In a previous blog article we looked at volunteer opportunities outside Willow Valley in the larger Lancaster community. However, there are scores of opportunities right here in our community, and it certainly is not difficult to match your talents and interests with a need. There are ample opportunities to help the overall operation of our community, such as helping in the mail room, being an usher at shows, providing audio visual technical support at concerts, operating the numerous libraries, creating flower arrangements inside and outside buildings, providing medical transport for residents, being a member of a resident council, mentoring new residents, or helping with the more than 100 clubs here at Willow Valley.
The supportive living communities and their volunteer efforts are very special and are probably the most impressive expression of caring you can find. It not only shows the compassion of volunteers, but also the dedication of staff to insure the best care for each resident. The majority of these volunteers are Willow Valley residents helping other residents, but others are from the Lancaster community, including many high school and college students. The emphasis on inter-generational interaction is an important element. Although many residents cannot get out into the outside world as much as they once did, the staff tries to bring the outside world to them through visits by volunteers. Many Lancaster companies participate in a “Day of Caring” where their staff will come to the supportive living environments and volunteer. The number of activities that volunteers are involved in are enormous. Volunteers assist with games, arts and crafts, day trips, country rides, gardening, discussion groups, reading, games, Bible study, reminiscing, book clubs, and exercise groups.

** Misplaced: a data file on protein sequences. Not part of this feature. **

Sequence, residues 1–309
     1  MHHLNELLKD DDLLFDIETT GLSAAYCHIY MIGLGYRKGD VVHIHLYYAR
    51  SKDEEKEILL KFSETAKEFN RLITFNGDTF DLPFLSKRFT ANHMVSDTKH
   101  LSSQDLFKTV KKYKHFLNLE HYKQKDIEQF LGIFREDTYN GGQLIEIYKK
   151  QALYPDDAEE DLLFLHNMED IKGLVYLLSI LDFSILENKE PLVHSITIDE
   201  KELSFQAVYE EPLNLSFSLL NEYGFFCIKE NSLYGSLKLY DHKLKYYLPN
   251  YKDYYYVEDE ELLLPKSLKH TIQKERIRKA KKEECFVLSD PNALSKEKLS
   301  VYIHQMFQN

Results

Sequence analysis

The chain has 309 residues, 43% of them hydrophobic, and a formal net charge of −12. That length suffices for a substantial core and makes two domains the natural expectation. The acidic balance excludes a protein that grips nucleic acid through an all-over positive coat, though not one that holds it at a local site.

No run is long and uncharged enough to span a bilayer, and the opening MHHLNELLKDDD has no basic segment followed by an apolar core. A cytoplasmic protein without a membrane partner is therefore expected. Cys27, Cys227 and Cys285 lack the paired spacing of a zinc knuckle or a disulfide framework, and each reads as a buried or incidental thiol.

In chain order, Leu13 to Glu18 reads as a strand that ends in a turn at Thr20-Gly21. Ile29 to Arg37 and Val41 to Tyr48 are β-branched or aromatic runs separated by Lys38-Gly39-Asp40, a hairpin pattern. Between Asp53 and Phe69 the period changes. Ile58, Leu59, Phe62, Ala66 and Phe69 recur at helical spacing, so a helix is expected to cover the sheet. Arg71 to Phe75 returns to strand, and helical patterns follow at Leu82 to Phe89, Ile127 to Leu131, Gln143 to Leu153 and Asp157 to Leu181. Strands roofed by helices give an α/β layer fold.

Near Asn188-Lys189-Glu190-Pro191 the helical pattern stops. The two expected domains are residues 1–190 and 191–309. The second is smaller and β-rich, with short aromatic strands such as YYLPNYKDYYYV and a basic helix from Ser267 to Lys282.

In my short time at Willow Valley, I personally have come to know resident volunteers who have developed their own volunteering niche. For example, Sara Kaebnick brightens up lives by making regular visits with her friendly and adorable dog, Sonny. Jack Reardon, Bob McDaniel, and Jack Wilkins are three talented musicians who tour all of the supportive living environments and regularly bring music and a nice dose of humor into so many lives. “Jack and Friends” perform 7, hour-long concerts per month and the group has been playing for the last 9 years. With Jack Reardon on piano, Bob McDaniel on trumpet, and Jack Wilkins performing vocals, they play music from the 1920’s to the 1960’s, the music their audience grew up with. Some concerts have a theme, such as the patriotic music associated with their July 4th concerts. Jack Reardon says “Our goal is to evoke pleasant memories with our music and have a good time playing music in a fun environment without a lot of pressure”. Jack admits he and his friends may be having more fun than their audience. The group also appreciates the kind words and memories the audience often shares with then following their performances.
As you can see, not only does staff truly care about residents, but also residents really care about each other. This has been one of the most profound realizations I have had after moving to Willow Valley. Volunteering at Willow Valley demonstrates how caring the community is, and it is very comforting to be surrounded by such kind and caring people. I have always felt the two main goals in life are to be happy and to help others. With the many opportunities and staff support to help others inside and outside of our community, helping to make the world a better place becomes a lot easier.
By Dale Johnson
Dale Johnson and his wife Christine moved to Willow Valley from Towson, MD in 2015. Dale taught geography at Towson University, while Christine was a director of human resources with McCormick & Co. the international spice company.